Netflix subscribers with certain Samsung smart TVs won’t be able to watch their favorite binge-worthy shows on the streaming service beginning December 1.
Samsung attributed the removal of Netflix from specific devices to “technical limitations.” Older Samsung smart TVs will no longer have the ability to connect to Netflix’s latest updates and features.
“In the future, Netflix can be viewed from many other devices capable of connecting to your TV,” Samsung said in its announcement.
Digital Trends reached out to Samsung for further comment, as well as to specify what exact Samsung TV models will be affected by the change, but we haven’t heard back from them yet.
But even if you do have one of the Samsung smart TVs that isn’t capable of streaming Netflix, you’ll still be able to watch the streaming service via game consoles, media players, or streaming devices like Amazon Fire TV and Roku.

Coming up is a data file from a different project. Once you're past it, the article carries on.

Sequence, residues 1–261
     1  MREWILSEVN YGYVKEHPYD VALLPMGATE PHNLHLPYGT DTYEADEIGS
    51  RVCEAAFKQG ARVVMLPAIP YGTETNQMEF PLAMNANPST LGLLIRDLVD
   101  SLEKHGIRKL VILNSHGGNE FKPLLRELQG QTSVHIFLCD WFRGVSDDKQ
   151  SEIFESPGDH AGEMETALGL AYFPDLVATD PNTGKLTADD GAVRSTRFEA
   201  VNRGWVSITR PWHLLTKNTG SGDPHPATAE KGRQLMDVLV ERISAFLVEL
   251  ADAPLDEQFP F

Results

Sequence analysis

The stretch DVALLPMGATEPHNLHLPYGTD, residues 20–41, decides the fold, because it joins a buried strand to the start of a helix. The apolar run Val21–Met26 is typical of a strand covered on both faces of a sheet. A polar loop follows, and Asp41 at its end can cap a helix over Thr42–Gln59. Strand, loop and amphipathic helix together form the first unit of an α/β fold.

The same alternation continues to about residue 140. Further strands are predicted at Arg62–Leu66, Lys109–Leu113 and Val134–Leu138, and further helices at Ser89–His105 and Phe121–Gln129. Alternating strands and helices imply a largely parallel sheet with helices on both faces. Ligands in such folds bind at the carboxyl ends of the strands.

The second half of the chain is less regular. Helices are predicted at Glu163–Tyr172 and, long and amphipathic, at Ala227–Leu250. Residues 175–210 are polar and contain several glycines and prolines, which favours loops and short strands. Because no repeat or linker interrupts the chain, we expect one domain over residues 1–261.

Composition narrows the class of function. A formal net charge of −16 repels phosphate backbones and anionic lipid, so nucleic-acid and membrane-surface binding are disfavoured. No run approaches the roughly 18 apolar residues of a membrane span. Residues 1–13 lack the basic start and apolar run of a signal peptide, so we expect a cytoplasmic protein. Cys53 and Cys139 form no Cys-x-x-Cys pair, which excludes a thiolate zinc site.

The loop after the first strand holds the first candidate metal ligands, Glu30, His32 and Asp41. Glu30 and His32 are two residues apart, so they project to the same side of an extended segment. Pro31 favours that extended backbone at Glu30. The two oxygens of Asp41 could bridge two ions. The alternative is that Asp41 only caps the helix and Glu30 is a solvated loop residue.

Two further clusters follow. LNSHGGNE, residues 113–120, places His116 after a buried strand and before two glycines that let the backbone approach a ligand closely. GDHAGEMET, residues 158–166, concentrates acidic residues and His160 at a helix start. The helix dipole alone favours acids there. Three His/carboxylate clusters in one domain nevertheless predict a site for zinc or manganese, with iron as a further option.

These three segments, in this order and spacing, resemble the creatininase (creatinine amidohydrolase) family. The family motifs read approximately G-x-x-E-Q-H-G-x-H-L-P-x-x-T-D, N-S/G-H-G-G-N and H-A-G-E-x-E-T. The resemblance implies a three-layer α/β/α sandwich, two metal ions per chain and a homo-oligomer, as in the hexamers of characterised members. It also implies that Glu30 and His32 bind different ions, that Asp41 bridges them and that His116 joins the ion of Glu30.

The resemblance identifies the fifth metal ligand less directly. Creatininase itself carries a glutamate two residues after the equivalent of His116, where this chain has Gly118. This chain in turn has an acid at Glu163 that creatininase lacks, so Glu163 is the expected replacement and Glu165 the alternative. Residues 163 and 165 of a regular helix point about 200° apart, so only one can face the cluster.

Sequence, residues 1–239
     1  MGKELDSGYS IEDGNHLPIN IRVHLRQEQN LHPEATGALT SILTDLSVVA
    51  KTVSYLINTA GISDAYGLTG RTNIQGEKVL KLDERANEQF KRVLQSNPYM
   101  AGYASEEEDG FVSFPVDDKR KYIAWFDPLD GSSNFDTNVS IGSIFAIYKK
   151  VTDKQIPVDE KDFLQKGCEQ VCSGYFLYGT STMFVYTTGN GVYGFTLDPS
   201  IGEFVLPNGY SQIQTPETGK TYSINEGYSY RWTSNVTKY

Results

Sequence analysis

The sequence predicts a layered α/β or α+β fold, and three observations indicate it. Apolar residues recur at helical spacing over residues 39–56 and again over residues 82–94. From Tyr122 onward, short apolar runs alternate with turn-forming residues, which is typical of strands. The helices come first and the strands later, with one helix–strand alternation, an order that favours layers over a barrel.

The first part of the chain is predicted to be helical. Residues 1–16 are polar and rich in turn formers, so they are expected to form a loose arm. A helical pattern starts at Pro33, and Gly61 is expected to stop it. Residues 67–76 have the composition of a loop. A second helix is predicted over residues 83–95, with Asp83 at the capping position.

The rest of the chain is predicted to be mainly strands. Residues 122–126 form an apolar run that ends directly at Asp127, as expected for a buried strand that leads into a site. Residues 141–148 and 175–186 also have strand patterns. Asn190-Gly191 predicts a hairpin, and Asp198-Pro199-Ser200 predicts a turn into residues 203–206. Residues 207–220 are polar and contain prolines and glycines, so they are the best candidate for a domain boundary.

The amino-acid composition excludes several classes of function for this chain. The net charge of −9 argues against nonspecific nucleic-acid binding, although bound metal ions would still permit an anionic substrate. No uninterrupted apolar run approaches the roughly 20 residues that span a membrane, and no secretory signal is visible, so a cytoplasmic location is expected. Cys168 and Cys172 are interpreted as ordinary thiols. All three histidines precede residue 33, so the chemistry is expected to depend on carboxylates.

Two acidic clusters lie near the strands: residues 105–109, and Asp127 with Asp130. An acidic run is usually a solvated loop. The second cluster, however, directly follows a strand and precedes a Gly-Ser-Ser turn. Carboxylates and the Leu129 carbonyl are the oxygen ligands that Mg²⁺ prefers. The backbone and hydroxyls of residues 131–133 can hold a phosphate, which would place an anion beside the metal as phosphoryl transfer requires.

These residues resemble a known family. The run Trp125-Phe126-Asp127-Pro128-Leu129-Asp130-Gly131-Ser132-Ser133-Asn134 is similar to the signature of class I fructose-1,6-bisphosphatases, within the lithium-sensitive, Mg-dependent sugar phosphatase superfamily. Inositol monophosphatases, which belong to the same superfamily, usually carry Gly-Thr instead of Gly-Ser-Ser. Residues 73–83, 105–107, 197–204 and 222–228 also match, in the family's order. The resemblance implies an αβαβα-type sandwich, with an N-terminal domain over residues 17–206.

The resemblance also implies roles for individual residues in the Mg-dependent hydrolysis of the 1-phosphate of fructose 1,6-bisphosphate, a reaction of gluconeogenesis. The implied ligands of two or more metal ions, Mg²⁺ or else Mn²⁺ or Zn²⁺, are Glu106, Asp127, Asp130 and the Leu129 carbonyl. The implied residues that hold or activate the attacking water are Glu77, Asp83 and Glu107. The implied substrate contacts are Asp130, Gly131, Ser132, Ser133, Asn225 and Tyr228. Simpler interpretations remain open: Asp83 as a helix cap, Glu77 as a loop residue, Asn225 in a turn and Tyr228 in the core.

However, if you do have a Roku device, specifically an older generation model, you’ll also lose your ability to access Netflix next month.
A Roku spokesperson previously told Digital Trends, “Due to technical limitations, Netflix will no longer be available on select older Roku players after December 1, 2019. These devices include models Roku 2050X, Roku 2100X, Roku 2000C, Roku HD Player, Roku SD Player, Roku XR Player, Roku XD Player.”
Those who have the affected Samsung TVs or Roku devices will receive a message before December 1 notifying them of the change. You can also check to see if your device is compatible through Netflix’s list of supported devices.
With the streaming service market getting more crowded than ever, additions like Apple TV+ and Disney+ might have the same effects on more smart TV devices in the future. The benefits of streaming services have always been the ability to watch them whenever, wherever, and with whatever — unlike DVD or Blu-ray players — but Roku and Samsung’s cases are proving to cause a shift in the flexibility of streaming services.
We reached out to Netflix to comment on if other smart TV users can expect these kind of limitations in the future, and we’ll update this story once we hear back.
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